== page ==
For John Mackey, chief executive officer of Whole Foods, companies should focus not on boosting profits but on finding a deeper purpose.

Mackey, who delivered two public addresses Tuesday, argued that the most successful form of capitalism is what he called “conscious capitalism,” an attitude he said Whole Foods has attempted to espouse in its business dealings. Those seeking profits — like those seeking happiness — will find that both profits and happiness come only out of a larger search for purpose.

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“I want us to evolve from the profit focus to the purpose focus, from the short term to the long term,” Mackey said.

Mackey’s first talk — delivered in front of a packed General Motors Room in Horchow Hall, along with two overflow TV rooms across the street — focused on the connection between profits and purpose, which he explained using the metaphor of happiness.

Mackey argued that those who single-mindedly pursue happiness tend to be narcissistic and self-involved, while those who pursue something about which they are passionate will wake up one day and find that they are happy.

“I’ve found that people who pursue happiness as a primary goal don’t achieve it,” Mackey said, “that in fact happiness is a by-product of other things, such as having a purpose, service to others, excellence, personal growth, friendship, generosity, compassion, forgiveness, love. And if we pursue those virtues, then one day we may grow up and find that we are very happy.”

And, he added, the pursuit of profits works in a similar way.

Whole Foods tries to embody this ideal of conscious capitalism, Mackey said, pointing to the company’s high standards for animal welfare, a microfinance program run by a segment of the company, the Whole Planet Foundation, and emphasis on the wellbeing of customers and employees.

Mackey said while he founded Whole Foods as a service to customers, the company’s mission seems to have evolved over time. In conversations with employees, he said, many have told him that they see Whole Foods as an agent to change and improve the world.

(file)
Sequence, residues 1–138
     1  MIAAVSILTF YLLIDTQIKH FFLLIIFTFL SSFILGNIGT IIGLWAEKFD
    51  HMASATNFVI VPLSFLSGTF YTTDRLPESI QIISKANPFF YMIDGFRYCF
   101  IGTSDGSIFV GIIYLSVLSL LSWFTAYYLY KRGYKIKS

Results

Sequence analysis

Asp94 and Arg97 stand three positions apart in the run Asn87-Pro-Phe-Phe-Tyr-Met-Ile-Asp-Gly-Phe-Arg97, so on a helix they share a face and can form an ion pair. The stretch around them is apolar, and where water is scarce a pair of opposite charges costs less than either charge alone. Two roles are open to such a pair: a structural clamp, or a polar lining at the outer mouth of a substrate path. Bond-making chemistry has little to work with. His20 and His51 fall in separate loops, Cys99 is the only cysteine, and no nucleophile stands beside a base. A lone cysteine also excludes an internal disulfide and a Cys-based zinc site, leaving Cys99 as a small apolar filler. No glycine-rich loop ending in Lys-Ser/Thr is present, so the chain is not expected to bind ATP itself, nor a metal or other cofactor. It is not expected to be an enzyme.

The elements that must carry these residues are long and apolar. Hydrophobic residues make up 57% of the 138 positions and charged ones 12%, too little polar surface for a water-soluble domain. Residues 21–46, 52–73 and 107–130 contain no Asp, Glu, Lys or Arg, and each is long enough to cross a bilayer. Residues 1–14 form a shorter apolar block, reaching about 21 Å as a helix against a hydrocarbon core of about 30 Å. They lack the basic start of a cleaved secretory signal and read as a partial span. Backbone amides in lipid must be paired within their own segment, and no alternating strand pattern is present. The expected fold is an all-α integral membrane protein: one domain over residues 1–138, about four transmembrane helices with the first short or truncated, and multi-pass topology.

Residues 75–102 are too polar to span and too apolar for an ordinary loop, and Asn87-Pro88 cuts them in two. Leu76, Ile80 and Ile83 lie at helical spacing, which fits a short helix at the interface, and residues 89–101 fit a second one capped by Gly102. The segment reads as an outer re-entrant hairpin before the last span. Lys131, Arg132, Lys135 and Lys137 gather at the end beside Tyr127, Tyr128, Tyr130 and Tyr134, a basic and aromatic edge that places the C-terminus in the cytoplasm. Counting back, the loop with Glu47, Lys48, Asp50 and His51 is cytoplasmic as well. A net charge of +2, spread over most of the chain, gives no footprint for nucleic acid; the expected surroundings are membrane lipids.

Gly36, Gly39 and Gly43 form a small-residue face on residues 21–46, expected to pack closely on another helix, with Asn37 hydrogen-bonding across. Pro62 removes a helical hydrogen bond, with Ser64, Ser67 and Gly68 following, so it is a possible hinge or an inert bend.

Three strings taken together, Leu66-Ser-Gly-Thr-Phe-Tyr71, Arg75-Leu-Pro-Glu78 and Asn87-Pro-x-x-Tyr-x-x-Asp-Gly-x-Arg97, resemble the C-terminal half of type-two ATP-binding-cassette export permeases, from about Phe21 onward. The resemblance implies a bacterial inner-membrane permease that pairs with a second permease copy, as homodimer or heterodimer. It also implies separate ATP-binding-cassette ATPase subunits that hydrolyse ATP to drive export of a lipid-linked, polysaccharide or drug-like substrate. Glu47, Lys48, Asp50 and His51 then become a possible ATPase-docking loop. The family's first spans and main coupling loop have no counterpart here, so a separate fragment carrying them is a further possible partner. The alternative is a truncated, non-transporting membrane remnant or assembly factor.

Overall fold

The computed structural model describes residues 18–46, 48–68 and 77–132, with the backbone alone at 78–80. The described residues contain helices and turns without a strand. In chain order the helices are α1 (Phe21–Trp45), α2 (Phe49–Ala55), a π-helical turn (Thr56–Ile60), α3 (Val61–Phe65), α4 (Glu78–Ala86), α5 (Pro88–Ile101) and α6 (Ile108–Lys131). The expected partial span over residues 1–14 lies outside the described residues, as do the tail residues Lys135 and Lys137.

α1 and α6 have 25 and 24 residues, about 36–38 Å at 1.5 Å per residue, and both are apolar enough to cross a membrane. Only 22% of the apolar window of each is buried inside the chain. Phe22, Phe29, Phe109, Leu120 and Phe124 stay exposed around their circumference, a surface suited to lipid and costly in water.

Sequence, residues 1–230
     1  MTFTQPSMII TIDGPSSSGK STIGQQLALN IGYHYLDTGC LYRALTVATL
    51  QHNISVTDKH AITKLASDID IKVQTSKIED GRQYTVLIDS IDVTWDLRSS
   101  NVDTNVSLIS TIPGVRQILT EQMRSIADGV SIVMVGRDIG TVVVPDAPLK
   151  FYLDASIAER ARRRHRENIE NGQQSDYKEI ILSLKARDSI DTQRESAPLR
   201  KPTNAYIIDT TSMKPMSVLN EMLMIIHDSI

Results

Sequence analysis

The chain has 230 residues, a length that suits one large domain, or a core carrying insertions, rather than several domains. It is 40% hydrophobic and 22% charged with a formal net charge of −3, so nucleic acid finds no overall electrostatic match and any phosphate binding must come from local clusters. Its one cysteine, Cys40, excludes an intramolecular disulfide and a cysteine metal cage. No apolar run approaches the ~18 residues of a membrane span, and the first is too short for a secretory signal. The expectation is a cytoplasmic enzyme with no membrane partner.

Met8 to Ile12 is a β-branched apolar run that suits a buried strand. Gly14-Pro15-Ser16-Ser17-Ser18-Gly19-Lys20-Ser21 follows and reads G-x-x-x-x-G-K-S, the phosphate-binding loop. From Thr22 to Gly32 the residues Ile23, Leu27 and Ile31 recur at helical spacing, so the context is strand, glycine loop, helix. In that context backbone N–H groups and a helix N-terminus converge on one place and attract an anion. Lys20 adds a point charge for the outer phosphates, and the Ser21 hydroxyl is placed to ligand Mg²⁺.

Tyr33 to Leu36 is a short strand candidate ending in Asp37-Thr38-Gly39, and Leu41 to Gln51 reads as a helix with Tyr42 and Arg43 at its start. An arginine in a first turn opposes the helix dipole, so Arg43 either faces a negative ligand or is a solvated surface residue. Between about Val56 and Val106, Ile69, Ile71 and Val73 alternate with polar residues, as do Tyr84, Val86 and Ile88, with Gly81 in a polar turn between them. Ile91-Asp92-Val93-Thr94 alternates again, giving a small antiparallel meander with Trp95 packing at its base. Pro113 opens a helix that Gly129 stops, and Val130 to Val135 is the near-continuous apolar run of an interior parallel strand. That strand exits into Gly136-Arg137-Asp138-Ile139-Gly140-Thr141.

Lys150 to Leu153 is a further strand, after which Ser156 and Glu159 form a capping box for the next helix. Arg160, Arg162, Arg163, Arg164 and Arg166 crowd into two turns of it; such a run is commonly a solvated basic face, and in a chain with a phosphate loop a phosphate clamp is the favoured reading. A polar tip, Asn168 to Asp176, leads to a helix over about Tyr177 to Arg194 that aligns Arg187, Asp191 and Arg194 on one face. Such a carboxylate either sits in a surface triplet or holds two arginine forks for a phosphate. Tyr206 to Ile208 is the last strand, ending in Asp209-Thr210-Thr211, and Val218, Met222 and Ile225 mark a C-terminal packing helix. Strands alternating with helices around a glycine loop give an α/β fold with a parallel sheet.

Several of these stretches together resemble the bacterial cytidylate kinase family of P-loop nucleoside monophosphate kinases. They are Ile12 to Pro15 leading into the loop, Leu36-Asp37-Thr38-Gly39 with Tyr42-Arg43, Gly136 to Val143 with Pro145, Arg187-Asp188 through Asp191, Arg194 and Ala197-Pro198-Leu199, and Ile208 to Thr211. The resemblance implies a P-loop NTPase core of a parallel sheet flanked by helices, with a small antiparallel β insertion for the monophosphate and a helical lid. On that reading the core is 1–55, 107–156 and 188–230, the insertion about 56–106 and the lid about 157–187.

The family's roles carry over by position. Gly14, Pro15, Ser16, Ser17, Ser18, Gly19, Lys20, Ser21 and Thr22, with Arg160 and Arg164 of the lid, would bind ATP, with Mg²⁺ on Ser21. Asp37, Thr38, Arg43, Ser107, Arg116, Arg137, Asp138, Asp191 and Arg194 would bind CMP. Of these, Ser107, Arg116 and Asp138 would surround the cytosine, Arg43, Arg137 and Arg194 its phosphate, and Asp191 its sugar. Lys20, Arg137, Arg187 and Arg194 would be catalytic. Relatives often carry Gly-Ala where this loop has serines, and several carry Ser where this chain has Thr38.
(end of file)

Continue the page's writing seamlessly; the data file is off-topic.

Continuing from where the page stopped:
For Mackey, this disconnect between his initial vision for the company and the way others now see it is analogous to the evolving relationship between a parent and a child.

“Your parents have a vision for you, and for a while that influences you, and then you find our own way in life,” Mackey said. “Maybe that aligns with what your parents wanted, and maybe it doesn’t.”

The company aims to maintain a positive relationship with the environment, he said, describing Whole Foods as a “fictitious citizen” that must bear responsibility for actions that impact the wider community. Mackey said Whole Foods has “green mission” teams that consist of employees who make suggestions about how stores can be more environmentally sustainable.

But when confronted with some tough questions about Whole Foods’s policies, Mackey dodged the queries.

For example, when asked how he reconciles that his stores throw out their food products at the end of the day while there are starving people on the streets and soup kitchens that are empty, Mackey responded that Whole Foods does try to give canned food to food banks, but that the prepared food is not accepted.

The Hartford Courant reported Wednesday that Mackey said he anticipates a settlement soon on a Whole Foods merger with one of its formal rivals, Wild Oats Markets. The merger has been fought by federal regulators.

Ralph Klein, a visiting professor at the Yale Divinity School, called Mackey’s philosophy a “revolutionary approach to life.”

“Two things impressed me: one is the reform I need to do and the other is his business ethics and values,” Klein said.

Dan Pullman ’80 SOM ’87 added that not only was Mackey running a successful business, he also seemed to care about a range of significant social issues.

John Mackey has a blog on the Whole Foods Web site that keeps costumers and employees up-to-date on his ideas.